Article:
Mr. Killion was a member of Apiary Inspector of America, serving as president for one term; International Bee Research Association, serving as it’s representative in the Midwest; American Beekeeping Federation; and American Honey Producers Association.  Many countries around the world asked him to come and give lectures on beekeeping and honeybees. 

Upon his retirement at the university, he was a member of the external advisory committee of the University of Illinois Natural History Survey for six years. He was chief judge at honey shows throughout the U.S. and wrote the Honey House Sanitation Guidelines for the Illinois Department of Health, which were adopted by the Honey Packers and Dealers Association of the United States. 

Mr. Killion and his father were the first to sell pollen traps and pollen substitutes. They were the first to package comb honey in plastic.  They also were the first in developing roadside seeding of highways to attract pollinating insects. They experimented with freezing royal jelly to enable grafting early queen cells. They hold a patent on the Killion Comb Honey Super and developed a change in the slatted rack used in a deep bottom board. They bred a special comb honey stock bee that produced a certain capping finish on honeycomb. They supplied royal jelly used in early cancer research.

Honors bestowed upon Mr. Killion have included two Governor Certificates of Appreciation for his work in the Illinois Department of Agriculture; being commissioned a Kentucky Colonel by the beekeepers of Kentucky; accolades from the United States Department of Agriculture for contributions to the honey industry; Outstanding Achievement Award by Illinois Department of Agriculture; Rotary Club Citizen of the Year; Governor’s Award for the Killion’s 50 years of service as Superintendent of the Bee and Honey Exhibits at the Illinois State Fair; United States Department of Agriculture Superior Service Award for outstanding contribution to the apiary industry of the United States; Leadership Award by Illinois Apiary Inspectors; Distinguished Service Award from Apiary Inspectors of America; American Beekeeping Federation President’s Award for contributions to the leadership of ABF; Certificate of Appreciation from USDA-APHIS innovative involvement in Tracheal and Varroa mite surveys; two Certificate of Appreciation awards from Illinois State Beekeepers Association; Certificate of Appreciation from American Honey Producers Association; awarded life membership by Illinois Congress of Parents and Teachers; Certificate of Appreciation by Senator Harry Woodyard and the State of Illinois for his work as Chief Apiary Inspector for Illinois; Certificate of Appreciation from Illinois Fruit and Vegetable Growers Association; Certificate of Appreciation from SAHR (Department of Agriculture Mexico) for conducting beekeeping classes before the arrival of the Africanized Honey Bee in Mexico; Illinois Beekeeper of the Year; and Pioneer Award by the Illinois State Beekeepers Association.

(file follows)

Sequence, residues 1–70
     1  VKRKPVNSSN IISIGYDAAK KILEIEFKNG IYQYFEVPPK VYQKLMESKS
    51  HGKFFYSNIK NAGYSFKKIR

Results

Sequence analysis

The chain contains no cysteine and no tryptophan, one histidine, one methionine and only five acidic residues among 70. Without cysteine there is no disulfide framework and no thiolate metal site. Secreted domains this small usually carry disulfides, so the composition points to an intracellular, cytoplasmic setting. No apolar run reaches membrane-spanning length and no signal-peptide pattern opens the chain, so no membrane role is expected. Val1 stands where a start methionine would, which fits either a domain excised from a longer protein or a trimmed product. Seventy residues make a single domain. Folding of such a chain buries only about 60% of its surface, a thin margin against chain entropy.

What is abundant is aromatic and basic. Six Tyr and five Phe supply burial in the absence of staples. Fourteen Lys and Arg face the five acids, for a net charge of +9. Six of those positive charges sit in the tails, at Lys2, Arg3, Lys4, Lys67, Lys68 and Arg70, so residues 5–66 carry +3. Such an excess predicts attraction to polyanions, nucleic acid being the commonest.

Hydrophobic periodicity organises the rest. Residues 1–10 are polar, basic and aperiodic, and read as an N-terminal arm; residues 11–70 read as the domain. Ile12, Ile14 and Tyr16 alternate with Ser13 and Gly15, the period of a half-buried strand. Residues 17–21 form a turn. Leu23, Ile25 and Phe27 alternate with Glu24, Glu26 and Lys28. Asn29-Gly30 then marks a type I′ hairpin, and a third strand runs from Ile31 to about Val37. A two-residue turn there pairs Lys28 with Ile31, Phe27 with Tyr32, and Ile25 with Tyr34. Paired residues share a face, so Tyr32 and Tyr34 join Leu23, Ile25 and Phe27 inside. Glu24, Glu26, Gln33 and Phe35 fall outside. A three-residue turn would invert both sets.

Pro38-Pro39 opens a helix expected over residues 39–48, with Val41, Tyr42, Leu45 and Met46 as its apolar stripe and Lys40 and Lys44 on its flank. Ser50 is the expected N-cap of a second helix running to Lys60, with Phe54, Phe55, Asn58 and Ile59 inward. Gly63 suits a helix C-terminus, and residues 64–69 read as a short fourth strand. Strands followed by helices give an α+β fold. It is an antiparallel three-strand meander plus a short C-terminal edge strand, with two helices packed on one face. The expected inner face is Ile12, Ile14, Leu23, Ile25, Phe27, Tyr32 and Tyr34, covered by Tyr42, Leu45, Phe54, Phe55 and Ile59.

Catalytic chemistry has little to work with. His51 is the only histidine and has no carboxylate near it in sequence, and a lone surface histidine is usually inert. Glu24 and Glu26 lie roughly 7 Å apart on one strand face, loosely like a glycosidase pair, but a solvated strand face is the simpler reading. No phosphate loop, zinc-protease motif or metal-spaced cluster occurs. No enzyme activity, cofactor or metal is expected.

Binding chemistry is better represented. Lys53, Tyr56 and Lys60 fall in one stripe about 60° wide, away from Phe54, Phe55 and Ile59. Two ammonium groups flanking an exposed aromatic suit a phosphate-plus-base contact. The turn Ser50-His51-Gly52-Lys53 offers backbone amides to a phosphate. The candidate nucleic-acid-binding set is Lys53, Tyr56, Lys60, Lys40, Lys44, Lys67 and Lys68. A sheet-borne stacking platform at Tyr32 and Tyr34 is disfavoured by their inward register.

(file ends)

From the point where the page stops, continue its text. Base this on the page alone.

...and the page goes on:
Mr. Killion was instrumental in fulfilling his father’s dream of having the United States Postal Service honor the honeybee on a postal issue with first day issue, festival and ceremonies held in Paris on Oct. 10, 1980.